Union Arch Bridge – Cabin John, Maryland - Atlas Obscura

Union Arch Bridge

The bridge's highly-contested plaque (once again) honors Confederate President Jefferson Davis. 


Although at one time this masonry arch bridge outside of Washington, D.C. was the longest of its kind in the world, it has become better known for the controversial names on its dedication plaques than the engineering feats of its construction.

The Union Arch Bridge was part of the Washington Aqueduct, planned after a fire broke out in the Capitol building and there wasn’t a ready supply of water to fight it. Construction on the bridge began in 1857, and while work moved along smoothly, there was no shortage of drama and political intrigue going on behind the scenes.

The Civil War broke out in 1861, the year the bridge was completed. One of the primary architects of the bridge, Army Corps of Engineers officer Alfred Rives, resigned and joined his native state of Virginia in the Confederacy. The other, officer Montgomery Meigs, had his name removed from a dedication plaque on the bridge and replaced it with the Latin phrase “Esto Perpetua” or “Let it last forever.”

Another plaque commemorating the bridge listed the names of government officials who started the project and those in office when it was finished. However the Secretary of War when the project began was Jefferson Davis, who was now infamous as the president of the Confederate States of America, whose constitution legalized and protected slavery. The decision was made to remove his name from the plaque as well.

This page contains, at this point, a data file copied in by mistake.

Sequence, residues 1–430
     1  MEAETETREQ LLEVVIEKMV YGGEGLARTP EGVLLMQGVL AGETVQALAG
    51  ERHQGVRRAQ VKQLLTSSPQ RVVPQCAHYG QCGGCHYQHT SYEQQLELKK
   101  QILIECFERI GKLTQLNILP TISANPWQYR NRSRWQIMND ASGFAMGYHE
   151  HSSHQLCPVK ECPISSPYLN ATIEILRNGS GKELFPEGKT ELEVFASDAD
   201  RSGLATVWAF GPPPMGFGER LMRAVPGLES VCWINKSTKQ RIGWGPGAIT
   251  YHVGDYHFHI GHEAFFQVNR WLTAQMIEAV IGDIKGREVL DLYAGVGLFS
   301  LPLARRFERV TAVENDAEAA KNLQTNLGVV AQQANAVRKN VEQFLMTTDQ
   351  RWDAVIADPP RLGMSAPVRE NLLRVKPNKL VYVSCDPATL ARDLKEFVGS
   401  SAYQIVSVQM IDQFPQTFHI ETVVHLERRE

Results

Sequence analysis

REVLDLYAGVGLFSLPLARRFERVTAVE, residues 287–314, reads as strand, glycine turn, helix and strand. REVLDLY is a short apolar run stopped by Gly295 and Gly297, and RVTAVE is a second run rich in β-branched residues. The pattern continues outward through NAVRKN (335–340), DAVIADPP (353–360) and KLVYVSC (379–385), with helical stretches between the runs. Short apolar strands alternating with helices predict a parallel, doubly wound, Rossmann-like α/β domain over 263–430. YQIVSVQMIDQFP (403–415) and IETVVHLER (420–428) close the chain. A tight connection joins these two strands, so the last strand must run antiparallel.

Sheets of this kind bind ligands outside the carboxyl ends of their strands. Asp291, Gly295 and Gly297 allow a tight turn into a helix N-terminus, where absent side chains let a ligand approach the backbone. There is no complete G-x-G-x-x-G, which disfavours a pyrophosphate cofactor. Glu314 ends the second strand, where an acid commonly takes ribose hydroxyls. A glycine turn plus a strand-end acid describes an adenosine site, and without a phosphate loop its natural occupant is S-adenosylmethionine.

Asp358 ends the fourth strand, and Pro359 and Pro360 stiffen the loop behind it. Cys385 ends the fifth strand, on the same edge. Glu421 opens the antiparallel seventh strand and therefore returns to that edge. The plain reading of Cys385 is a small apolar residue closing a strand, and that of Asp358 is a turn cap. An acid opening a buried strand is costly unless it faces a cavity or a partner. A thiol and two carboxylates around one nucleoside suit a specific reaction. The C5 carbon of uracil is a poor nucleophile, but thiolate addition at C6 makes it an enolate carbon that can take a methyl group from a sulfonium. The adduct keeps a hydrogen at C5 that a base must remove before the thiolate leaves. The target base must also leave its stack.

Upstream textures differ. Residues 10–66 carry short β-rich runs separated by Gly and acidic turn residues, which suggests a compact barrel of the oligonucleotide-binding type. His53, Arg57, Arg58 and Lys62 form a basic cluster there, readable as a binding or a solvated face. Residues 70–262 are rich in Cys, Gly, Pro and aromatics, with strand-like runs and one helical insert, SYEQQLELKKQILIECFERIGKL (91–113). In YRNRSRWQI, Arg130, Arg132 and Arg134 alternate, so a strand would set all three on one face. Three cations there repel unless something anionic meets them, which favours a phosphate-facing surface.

By the early 1900s, Southern politicians began lobbying to have Davis’ name carved back into the bridge. Theodore Roosevelt, in one of his last acts as president, ordered that Davis’ name be returned to its original place.

Although officially dedicated as the Union Arch Bridge, over time the bridge became more well known as the Cabin John Bridge, and was added to the National Register of Historic Places as the Cabin John Aqueduct. Whatever you want to call it, it was clearly constructed well, still carrying water to Washington, D.C. from the Potomac River, as well as vehicle traffic the engineers couldn’t have anticipated.

Know Before You Go

The one-lane bridge is on MacArthur Boulevard between Cabin John and Glen Echo. There is parking along the side of the road before and after the bridge.

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